I feel the need to check my tone. I feel the need to make sure I’m not coming off as bitchy or whiny or neurotic or hysterical. Think about all of those words for a minute. Is there an equivalent for any of them when it comes to the way men communicate?
There’s one thing to be said about checking to make sure something I write is logical or well-written. It’s a whole different thing when I’m wondering about how I am presenting myself as a person with an opinion.
As a woman with an opinion.
It’s unfair. It’s entirely unfair that I have to put myself under the scrutiny. But, it’s just as unfair that, as a woman, I’m told repeatedly that I need to “be nice,” or that I need to “keep quiet” and think of the best interests of others.
What about my best interests? I have every right to express them.
Opinions and feelings are two different things, but they work in tandem. Your opinions can be swayed by your feelings, just as your feelings can be impacted significantly by your opinions. But there is never a point when being a woman and having opinions should ever be conflated with being a woman and having feelings. They are distinct. They are both valid. They are both important and deserve to be expressed.
And I think the reason women have their opinions discredited, so often degraded, is that they’re being viewed as feelings and nothing more. That their feelings — those hormonal and feminine things — are being confused with their opinions — those things that come from being a well-informed, intellectual thinker.
Being “nice” is about the feelings.
Being “quiet” is about the feelings.
It’s not okay when it happens between a male and a female, and it is not okay when it happens between two women. We should be encouraging and supporting one another to have and to share opinions AND feelings.
How this relates back to the book world, to blogging, to librarianship and reading and to being a decent human being is simple: never, ever tell someone to “be nice.” ENCOURAGE inquiry. ENCOURAGE speaking up. ENCOURAGE thinking and feeling and having them together then separating them to see what is what.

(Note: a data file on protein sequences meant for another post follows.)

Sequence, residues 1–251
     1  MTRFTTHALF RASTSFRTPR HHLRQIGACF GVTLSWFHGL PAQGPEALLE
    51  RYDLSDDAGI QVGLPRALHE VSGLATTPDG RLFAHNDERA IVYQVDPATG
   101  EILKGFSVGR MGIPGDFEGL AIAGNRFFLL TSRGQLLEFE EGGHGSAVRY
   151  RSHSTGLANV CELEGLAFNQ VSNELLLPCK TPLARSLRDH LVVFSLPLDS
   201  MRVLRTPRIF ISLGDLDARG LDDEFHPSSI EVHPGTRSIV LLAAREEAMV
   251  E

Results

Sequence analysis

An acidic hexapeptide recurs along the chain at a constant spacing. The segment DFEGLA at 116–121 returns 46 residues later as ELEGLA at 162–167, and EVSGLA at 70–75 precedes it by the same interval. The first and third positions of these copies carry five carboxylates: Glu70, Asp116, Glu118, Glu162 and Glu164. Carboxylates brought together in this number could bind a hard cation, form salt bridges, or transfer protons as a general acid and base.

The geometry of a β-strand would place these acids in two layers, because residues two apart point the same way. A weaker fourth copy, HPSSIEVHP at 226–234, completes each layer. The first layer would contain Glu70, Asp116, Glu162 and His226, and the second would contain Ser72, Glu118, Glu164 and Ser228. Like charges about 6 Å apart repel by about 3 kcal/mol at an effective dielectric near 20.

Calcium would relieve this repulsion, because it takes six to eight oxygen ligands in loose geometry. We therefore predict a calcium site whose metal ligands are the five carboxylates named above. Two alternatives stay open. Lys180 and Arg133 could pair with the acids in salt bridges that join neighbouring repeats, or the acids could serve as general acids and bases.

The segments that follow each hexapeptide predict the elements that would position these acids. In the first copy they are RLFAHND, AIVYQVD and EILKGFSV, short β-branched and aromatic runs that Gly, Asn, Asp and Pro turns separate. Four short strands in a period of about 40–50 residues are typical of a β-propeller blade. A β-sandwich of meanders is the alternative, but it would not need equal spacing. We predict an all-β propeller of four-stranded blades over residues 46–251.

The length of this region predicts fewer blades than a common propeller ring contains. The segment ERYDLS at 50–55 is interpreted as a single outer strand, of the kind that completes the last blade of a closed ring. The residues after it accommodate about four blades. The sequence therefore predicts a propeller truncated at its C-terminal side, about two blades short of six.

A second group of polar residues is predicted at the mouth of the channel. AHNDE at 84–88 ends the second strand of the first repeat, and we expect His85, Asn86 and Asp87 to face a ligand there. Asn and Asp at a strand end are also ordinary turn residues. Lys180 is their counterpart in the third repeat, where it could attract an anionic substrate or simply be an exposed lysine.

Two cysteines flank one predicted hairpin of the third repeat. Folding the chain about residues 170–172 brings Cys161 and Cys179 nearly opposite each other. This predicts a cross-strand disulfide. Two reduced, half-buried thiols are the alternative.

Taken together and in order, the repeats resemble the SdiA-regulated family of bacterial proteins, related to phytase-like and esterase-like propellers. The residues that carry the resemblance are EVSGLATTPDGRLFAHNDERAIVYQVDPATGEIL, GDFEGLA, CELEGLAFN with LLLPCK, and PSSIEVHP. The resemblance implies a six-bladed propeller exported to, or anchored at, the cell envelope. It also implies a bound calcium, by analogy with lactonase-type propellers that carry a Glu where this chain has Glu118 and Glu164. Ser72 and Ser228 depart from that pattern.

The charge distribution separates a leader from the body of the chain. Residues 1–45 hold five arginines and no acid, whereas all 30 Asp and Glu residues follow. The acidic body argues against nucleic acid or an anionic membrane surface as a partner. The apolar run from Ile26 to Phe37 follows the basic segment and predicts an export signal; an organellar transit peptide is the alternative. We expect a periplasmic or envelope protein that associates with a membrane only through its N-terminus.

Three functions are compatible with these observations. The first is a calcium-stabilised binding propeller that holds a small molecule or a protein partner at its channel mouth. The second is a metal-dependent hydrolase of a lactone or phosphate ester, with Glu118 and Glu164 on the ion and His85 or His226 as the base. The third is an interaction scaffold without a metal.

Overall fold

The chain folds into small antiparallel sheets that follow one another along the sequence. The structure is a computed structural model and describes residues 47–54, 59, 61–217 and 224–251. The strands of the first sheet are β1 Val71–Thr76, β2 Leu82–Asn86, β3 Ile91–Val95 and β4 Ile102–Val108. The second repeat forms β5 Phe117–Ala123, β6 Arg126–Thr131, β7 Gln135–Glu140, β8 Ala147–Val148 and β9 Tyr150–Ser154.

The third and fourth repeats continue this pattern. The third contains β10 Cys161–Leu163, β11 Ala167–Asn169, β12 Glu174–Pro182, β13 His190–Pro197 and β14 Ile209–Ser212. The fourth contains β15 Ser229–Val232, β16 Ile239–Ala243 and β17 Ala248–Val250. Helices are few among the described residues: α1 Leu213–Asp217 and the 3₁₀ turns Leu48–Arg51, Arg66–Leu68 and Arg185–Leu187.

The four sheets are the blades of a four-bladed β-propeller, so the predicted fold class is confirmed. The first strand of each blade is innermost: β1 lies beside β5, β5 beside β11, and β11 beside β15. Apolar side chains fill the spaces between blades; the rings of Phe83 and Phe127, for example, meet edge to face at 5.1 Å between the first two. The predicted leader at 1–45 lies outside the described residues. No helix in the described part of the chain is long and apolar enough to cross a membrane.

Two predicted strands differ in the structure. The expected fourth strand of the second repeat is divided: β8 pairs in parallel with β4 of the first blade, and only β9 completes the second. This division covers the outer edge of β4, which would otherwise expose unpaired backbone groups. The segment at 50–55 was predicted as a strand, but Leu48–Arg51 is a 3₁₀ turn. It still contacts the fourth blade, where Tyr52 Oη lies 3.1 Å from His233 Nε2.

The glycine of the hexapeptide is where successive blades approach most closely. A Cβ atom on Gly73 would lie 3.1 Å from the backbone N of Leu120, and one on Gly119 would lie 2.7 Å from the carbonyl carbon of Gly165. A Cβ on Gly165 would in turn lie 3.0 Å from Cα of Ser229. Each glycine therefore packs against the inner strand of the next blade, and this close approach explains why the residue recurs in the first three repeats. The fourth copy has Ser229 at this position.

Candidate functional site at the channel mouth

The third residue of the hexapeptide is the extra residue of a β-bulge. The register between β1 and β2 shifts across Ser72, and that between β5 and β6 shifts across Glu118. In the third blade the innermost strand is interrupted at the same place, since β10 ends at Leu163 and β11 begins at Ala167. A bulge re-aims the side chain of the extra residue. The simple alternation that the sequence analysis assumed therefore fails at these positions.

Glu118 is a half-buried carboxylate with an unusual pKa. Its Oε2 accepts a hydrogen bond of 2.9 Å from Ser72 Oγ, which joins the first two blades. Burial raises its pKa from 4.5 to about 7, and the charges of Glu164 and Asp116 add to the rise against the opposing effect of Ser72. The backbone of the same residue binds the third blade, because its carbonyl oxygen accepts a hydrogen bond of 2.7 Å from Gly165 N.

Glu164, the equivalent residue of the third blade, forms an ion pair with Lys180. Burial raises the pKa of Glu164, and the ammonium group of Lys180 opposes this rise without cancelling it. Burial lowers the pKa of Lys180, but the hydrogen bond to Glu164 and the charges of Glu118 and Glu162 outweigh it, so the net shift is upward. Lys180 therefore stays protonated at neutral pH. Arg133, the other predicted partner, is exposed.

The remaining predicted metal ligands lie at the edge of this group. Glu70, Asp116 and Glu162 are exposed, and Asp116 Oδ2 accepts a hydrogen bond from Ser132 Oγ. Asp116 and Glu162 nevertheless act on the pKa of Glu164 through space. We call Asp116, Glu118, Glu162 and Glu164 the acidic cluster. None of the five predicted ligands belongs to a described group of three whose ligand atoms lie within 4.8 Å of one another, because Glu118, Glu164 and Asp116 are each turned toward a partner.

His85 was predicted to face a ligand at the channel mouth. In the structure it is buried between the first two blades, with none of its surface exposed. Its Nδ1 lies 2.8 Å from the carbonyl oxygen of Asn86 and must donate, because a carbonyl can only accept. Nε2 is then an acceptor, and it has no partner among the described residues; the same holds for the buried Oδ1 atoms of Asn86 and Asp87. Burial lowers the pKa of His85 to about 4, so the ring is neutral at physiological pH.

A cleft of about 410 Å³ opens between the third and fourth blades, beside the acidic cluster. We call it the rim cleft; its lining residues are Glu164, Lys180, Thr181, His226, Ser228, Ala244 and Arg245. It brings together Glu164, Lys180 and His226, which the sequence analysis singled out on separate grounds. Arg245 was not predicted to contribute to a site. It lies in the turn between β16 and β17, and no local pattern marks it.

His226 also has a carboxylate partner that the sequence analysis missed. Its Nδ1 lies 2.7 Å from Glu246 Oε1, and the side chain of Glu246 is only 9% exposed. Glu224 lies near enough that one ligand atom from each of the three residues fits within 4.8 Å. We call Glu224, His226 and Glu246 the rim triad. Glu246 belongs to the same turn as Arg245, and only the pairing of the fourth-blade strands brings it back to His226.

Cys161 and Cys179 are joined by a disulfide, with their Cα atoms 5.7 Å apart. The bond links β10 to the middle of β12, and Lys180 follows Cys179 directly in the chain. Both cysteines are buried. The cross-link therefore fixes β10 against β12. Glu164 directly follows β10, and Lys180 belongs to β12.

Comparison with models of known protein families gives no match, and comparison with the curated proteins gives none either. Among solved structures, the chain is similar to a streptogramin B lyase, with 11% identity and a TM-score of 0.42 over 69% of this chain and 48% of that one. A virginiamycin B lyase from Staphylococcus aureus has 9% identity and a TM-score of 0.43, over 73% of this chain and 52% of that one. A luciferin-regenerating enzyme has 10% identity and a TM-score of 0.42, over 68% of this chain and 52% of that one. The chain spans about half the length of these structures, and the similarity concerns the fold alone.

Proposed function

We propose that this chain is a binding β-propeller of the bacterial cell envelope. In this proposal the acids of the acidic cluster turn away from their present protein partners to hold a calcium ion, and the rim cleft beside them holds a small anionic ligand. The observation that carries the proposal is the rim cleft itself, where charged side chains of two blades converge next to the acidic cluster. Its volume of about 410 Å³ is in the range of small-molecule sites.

Watch the tone you take when you speak with other women, regardless of your own gender. Do not read their words with any preconceptions of their feelings or of their intentions. Respond with measured care. Whatever your role of power, respect and acknowledge the legitimacy of other people’s thoughts.
Likewise, don’t back down if you’re pressured to behave or believe a certain way. Don’t blindly accept the rhetoric or the boxes you’re given. You have a right to your opinions and you have a right to expressing them the way you need to express them. If someone tries to tell you otherwise, you know exactly where they stand. It’s never about what you say.
It’s about staying strong.
Writing and sharing and expressing and creating are the greatest things and the most terrifying things. And as a woman, there are complications of gender. Speak your words as you need to speak them and stand by them. Don’t be bullied into changing your beliefs. That bullying comes from a place of fear because of just how powerful what you say and how you defend yourself in doing so is.
You’re going to burn bridges. You’re going to make tough decisions. But you’re also going to realize there are people who believe in you and — even if they disagree — they will defend your right to say them to the end.
And frankly, there isn’t anything more important than having people who have your back for being you, rather than for “being nice.”
Kelly Jensen is a former librarian turned editor for Book Riot. She's the author of IT HAPPENS: A Guide to Contemporary Realistic Fiction for the YA Reader and the forthcoming Feminism For The Real World (Algonquin Young Readers, Spring 2017).